Growing up Jewish in Argentina

By: Bill Katz

“Che Ruso, que te pasa?” (Hey Russian, what’s your problem?) I grew up hearing that in my little town of Santa Fe, Argentina. For many people, I was a “Russian” and I usually “had a problem” because I was different. However, I have never been to Russia and I did my best to stay out of trouble. So, why was I asked that?

In order to answer the first question, for most of Argentinian society, if you are Jewish, you fall into one of two categories: if your family came from Eastern Europe (meaning you are of Ashkenazi background), you are called a “Ruso” (Russian) and if your family is from a Sephardic background then you are a “Turco” (Turkish). Now, regarding the “problem”: the “problem” was that I was “different.” Even if my family had never told me that I was Jewish, I would have learnt I was Jewish because I was “different.” Unfortunately, in the Argentina of the 70’s, being “different” made people uncomfortable.

For example, imagine going to grade school in a country that was about 95% Catholic. I remember that in second grade, there was a lot of talk about something called “First Communion”: the catechism classes, how boring the classes were and of course all the details about the party afterwards. When they asked me about it, I had no idea what they were talking about because my family was Jewish! That was “the problem.” I was different because I was Jewish.

I vividly remember going to the cemetery with my mother. We only went on Sundays because “strangely enough” it was not open on Saturdays. In my hometown, the Jewish cemetery was two blocks away form the “other” one. Since we did not have a car, we had to take a bus - bus number nine. As we would take the bus at the beginning of its route, the bus was empty. However, during the 45-minute travel to our destination it would fill up with people who were going to the “other” cemetery. How did I know that? Because when we would get to the stop for the Municipal cemetery, the bus would empty and a very few of us would remain to get off at the next stop. “Mom, " I would ask, “Why don’t we get off here? This stop seems much more liked by people!” Her answer: “Porque nosotros somos judios, hijo.” (“Because we are Jewish, son.”)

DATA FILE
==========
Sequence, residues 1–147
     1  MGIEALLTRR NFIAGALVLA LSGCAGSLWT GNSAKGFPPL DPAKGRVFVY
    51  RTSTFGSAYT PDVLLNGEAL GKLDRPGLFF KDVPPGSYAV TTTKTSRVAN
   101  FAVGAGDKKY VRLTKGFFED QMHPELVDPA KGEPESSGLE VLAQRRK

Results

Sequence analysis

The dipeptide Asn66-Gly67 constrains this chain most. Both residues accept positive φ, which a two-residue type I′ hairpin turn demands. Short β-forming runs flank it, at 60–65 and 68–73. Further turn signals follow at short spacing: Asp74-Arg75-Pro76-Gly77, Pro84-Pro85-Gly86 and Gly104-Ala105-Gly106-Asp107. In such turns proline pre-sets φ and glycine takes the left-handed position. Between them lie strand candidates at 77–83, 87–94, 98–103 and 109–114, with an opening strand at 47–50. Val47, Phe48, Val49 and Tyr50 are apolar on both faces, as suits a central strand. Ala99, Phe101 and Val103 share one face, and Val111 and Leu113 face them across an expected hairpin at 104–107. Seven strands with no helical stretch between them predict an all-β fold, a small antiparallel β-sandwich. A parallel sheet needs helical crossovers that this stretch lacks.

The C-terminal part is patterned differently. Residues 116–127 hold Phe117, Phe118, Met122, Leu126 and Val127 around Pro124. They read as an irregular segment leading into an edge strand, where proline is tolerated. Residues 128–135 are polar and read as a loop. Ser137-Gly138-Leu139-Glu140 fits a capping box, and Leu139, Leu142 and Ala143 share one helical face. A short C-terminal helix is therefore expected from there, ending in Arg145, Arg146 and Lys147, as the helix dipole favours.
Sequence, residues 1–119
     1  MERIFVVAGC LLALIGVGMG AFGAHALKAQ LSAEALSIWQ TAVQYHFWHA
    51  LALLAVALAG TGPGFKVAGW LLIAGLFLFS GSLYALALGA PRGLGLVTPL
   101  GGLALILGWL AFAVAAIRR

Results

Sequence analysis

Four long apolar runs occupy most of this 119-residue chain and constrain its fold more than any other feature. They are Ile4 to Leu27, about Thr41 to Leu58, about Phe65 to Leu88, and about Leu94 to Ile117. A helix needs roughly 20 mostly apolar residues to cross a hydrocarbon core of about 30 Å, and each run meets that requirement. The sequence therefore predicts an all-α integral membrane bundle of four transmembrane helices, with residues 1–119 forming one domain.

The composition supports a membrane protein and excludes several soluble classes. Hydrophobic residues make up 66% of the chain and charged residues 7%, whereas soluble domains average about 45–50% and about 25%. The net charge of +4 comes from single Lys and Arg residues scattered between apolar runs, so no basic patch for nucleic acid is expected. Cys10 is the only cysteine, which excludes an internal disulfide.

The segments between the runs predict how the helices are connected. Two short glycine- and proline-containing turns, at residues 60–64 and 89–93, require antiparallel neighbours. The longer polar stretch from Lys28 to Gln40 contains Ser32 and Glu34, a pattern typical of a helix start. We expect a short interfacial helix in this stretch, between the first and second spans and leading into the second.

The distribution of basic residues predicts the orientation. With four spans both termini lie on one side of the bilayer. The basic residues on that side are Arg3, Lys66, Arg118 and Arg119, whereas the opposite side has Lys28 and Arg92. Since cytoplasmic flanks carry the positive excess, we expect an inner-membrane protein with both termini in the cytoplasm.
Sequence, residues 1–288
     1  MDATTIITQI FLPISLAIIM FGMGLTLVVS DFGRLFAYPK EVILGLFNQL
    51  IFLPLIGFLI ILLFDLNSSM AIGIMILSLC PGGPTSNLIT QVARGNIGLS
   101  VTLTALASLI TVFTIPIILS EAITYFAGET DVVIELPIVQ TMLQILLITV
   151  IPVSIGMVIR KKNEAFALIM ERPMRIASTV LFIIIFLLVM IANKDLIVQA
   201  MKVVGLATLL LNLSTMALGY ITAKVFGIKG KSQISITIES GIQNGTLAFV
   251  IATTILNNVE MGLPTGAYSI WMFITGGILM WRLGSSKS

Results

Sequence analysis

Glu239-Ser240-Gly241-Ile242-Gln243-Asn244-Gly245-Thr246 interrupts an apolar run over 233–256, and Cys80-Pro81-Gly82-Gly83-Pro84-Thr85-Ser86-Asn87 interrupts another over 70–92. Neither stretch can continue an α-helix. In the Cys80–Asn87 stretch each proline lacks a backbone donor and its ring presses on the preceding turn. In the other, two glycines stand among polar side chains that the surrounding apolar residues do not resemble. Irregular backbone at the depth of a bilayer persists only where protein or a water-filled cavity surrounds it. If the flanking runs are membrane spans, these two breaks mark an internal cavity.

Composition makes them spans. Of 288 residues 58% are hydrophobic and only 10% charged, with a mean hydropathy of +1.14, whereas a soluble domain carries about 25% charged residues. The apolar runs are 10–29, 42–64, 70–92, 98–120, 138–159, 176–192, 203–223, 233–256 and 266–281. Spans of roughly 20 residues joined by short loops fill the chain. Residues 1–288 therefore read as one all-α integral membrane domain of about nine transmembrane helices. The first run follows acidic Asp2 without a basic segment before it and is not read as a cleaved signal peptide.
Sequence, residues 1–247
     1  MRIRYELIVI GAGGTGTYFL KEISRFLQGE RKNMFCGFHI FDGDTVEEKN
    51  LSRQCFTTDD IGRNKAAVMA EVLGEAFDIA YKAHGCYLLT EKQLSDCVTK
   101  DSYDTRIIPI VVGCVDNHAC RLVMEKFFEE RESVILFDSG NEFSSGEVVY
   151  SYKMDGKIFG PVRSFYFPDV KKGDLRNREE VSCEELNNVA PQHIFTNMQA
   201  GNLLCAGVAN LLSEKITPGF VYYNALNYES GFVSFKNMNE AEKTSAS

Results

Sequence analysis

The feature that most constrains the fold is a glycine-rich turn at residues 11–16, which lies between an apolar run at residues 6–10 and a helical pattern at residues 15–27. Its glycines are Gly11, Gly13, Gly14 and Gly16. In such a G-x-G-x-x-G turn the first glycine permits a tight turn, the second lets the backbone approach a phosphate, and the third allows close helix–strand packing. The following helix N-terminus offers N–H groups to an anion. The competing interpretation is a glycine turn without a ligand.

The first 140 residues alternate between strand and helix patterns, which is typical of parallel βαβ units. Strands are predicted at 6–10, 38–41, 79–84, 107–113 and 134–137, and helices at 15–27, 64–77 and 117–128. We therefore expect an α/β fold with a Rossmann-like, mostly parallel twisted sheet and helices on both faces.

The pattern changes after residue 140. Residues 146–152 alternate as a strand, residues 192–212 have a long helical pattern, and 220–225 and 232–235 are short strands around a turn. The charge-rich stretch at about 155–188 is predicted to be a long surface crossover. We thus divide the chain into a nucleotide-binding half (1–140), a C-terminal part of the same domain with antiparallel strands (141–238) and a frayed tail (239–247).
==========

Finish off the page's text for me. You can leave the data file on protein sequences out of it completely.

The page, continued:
The Jewish holidays were another opportunity to discover that I was different. I got to miss school a couple of times in September or October (for the High Holy Days) and even had a different New Year (Rosh Hashanah)! My classmates did not understand that and that was, again, part of the “problem.” I would ask, “Mom, why do we have different holidays?" Once again, I would get the same answer: “Porque nosotros somos judios, hijo. “Because we are Jewish.”

In those days, there were a lot of ceremonies at school: national holidays, school holidays and other civic activities. There would be a lot of speeches and at the end, a Catholic priest would always stand to give some kind of blessing. Everybody else in the school knew what to do: what to recite, when to kneel and even when to do the sign of the crucifix. However, I would never do those things: I would not kneel, I would not know what to say, and needless to say, forget about doing the sign of the cross! Why? You guessed right! Because I was Jewish.

As I noted before, all those events caused people to be uncomfortable around me and generated the “Russian, what is your problem” question. Some people went even further and said nasty things about me and “my people” because we were “different.” Some even asked me if we had some bizarre customs. Others avoided me completely.

Since being Jewish seemed to be the “problem”, one day I went into a Catholic church to see what was so different between “us” and “them”. I found it to be such a sad experience compared to our synagogue where we would go for the holidays and special events like weddings (those were the best!). Our synagogue had only murals and no images or statues. At this church, there were a lot of images and statues, but the saddest thing for me was to see their savior hanging from the cross, with blood and a suffering face. It seemed to me he was a very sad god compared to “our” God. We had no images of Him, but our liturgy spoke of a great and mighty God, who created the heavens and the earth by His power, the God of Abraham, Isaac and Jacob.

Some years later, I was very surprised when I found a group of people who did not have a problem because I was “different”. They were actually very happy to find out I was Jewish! Imagine my surprise when I discovered that the reason they were different was because they believed in Jesus, that sad god I had seen hanging from a cross in that church.

However, when they talked to me about Jesus, I understood that He was a much different person than the sad god I had thought He was; they told me He was alive and that He had conquered death. Even more, they told me He was the Jewish Messiah! No way! And yet, when I studied the Scriptures, it became clear that, yes, He is the Jewish Messiah. Our prophets spoke of Him in our Scriptures and Yeshua fulfilled those prophecies to the last detail.

I am different, but not in the way the kids would tease me about when I was younger. I am different because He has made me a new creation (2 Corinthians 5:17). I invited Him to come into my life and now I am a disciple of Yeshua — not of that dead and sad god I had seen at the church, but of the True and Living One!


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